Tuesday, May 4, 2010


Directed by Samuel Bayer.

Dean (Kellan Lutz) falls asleep at a diner and experiences a nightmare where a badly burned man with sharp blades on his fingers cuts him. Dean’s girlfriend, Kris (Katie Cassidy), witnesses him killing himself, but little does she know that the sadistic serial killer from his nightmare is pushing Dean’s hand as it holds the knife, thereby forcing him to slash his own throat. The same killer begins to terrorize Kris in her nightmares and, eventually, terrorizes her ex-boyfriend, Jesse (Thomas Dekker), Jesse’s friend, Quentin (Kyle Gallner), and Quentin’s classmate, Nancy (Rooney Mara), as well. Upon discovering some old photos, Nancy and Quentin discover the connection between them and the rest of the nightmare—plagued victims. They also learn that sadistic killer’s name is Freddy Krueger (Jackie Earle Haley) and find out how he got burned-to-death to begin with. While the screenplay co-written by Wesley Strick and Eric Hesserer doesn’t offer anything particularly surprising or refreshing for that matter, at least its characters aren’t annoying to the extent that you’d want them to be killed. Sure, neither of them seems realistic or truly relatable, but they’re likeable and somewhat more intelligent than your average clueless horror victims. Director Samuel Bayer keeps the pace moving along briskly and includes stylish, slick cinematography and nifty special effects. Don’t expect a lot of gore, though. The real question is whether or not Jackie Earle Haley makes a good substitute for Robert Englund as the notorious Freddy Krueger. Krueger comes across as less horrifying this time around, although he’s still undeniably creepy and has some witty one-liners every now and then. A decent horror film should have some sort of an interesting backstory and not resort to just one kill after another with no rhyme or reason. Fortunately, this remake has a moderately intriguing backstory albeit one that’s far from profound or imaginative. Most scenes, such as one that takes place in a bathtub, bedroom and another in a school hallway, will please fans of the original film. At a running time of 1 hour and 35 minutes, A Nightmare on Elmstreet is mindlessly entertaining, slick and stylishly creepy albeit deficient in real surprises and visceral scares. It’s a cut above the recent slew of horror remakes.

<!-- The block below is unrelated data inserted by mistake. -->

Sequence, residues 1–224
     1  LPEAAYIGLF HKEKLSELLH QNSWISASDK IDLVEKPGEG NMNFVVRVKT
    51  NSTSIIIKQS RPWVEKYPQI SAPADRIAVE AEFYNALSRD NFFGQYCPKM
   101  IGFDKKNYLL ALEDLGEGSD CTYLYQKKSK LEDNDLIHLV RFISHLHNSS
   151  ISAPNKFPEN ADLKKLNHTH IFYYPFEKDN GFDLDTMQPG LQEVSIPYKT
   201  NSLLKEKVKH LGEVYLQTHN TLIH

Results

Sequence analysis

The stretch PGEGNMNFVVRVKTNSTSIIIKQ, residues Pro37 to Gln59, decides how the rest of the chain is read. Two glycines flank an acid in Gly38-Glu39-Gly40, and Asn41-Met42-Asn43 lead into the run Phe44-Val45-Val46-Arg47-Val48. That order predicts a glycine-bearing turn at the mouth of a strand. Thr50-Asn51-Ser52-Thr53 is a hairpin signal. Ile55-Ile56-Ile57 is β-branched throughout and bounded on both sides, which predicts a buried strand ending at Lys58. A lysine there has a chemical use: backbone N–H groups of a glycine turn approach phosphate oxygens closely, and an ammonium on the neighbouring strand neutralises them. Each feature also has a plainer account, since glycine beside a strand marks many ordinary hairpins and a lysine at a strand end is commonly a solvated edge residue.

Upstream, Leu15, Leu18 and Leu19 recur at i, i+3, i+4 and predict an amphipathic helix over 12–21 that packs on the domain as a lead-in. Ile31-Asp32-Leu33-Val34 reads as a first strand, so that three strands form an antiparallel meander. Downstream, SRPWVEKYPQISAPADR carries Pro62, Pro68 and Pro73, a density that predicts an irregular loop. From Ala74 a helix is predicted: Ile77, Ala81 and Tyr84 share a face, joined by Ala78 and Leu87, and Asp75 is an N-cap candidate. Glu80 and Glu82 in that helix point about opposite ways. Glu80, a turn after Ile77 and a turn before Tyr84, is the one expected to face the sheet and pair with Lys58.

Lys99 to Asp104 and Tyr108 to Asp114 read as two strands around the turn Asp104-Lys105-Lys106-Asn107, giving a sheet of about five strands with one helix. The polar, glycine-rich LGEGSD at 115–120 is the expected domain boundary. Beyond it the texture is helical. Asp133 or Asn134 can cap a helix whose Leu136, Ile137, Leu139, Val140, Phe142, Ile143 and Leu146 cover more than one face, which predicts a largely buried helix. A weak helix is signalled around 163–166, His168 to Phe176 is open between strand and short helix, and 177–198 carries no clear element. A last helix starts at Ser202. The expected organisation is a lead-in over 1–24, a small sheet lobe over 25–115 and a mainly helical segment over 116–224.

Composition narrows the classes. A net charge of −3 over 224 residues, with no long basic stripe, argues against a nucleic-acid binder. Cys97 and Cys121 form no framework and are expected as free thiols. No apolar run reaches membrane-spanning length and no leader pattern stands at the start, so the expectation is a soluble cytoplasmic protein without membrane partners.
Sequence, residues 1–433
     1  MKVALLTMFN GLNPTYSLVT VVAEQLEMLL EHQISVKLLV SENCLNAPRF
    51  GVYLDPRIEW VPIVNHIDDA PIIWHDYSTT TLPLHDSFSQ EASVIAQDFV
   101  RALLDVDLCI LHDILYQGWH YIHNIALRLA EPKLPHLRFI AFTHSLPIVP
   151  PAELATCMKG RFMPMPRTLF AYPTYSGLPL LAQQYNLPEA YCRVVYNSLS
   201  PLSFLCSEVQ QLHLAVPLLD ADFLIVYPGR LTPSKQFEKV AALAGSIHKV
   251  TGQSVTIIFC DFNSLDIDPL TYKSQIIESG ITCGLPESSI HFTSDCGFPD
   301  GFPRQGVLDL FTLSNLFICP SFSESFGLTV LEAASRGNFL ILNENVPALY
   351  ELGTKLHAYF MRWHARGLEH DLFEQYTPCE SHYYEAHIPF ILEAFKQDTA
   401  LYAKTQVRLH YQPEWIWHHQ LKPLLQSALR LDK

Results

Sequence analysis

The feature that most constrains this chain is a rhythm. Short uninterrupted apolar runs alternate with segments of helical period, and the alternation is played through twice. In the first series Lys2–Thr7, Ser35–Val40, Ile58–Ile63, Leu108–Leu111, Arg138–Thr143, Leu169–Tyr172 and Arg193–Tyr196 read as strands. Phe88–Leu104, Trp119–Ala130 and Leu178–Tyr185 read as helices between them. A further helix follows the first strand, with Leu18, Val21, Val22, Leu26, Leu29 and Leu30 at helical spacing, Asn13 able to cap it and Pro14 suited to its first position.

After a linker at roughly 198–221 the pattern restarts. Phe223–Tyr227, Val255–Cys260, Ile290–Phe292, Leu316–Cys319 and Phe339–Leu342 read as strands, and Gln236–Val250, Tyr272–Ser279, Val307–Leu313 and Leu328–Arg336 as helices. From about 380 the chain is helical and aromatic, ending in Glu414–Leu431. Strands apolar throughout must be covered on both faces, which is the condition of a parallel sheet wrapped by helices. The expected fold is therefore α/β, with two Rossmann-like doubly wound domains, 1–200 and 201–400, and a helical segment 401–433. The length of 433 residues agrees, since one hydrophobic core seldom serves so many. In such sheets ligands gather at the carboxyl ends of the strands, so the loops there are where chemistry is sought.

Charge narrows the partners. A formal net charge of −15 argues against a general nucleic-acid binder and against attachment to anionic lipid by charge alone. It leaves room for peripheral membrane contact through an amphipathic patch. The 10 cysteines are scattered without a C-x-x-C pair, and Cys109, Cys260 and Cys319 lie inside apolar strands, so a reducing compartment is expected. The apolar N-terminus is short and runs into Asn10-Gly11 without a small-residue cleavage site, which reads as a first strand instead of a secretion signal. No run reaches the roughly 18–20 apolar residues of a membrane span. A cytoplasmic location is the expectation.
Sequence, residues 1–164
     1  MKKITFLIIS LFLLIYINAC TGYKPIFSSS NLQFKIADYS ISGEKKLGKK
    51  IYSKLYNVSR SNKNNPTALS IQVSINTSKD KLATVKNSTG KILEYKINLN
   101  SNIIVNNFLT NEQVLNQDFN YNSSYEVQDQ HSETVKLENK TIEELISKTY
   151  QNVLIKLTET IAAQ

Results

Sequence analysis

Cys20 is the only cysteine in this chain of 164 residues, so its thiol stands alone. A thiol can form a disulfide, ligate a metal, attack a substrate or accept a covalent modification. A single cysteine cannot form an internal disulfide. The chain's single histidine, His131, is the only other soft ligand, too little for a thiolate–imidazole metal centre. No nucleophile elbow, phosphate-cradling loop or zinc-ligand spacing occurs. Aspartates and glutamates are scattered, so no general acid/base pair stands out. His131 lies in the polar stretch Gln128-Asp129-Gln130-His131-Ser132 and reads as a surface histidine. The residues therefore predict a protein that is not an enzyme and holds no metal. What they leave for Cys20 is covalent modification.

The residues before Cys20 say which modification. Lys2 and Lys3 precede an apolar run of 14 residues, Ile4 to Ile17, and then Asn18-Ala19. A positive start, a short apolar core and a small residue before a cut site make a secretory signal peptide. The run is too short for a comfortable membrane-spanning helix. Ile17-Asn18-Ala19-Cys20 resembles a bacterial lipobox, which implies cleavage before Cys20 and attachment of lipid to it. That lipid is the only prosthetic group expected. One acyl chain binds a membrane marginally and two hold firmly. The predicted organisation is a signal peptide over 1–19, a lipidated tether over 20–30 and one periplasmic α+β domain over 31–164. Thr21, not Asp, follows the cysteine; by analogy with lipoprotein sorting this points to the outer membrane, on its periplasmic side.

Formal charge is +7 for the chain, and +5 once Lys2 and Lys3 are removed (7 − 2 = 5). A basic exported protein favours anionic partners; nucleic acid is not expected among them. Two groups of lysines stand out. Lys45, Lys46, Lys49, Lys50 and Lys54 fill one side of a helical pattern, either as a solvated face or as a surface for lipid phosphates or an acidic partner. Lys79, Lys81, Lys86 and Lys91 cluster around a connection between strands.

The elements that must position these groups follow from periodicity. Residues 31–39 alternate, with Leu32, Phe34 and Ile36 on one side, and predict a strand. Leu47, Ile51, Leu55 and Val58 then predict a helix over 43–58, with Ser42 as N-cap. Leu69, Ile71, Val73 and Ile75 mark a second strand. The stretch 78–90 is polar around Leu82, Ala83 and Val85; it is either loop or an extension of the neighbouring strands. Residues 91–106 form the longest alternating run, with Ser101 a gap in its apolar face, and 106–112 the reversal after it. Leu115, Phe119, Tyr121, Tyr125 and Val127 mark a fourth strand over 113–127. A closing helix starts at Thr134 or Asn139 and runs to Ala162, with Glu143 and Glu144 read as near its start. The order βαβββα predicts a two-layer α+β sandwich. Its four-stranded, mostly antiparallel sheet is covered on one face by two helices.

Number of times I checked my watch: 2
Released by Warner Bros. Pictures.
Opens nationwide.

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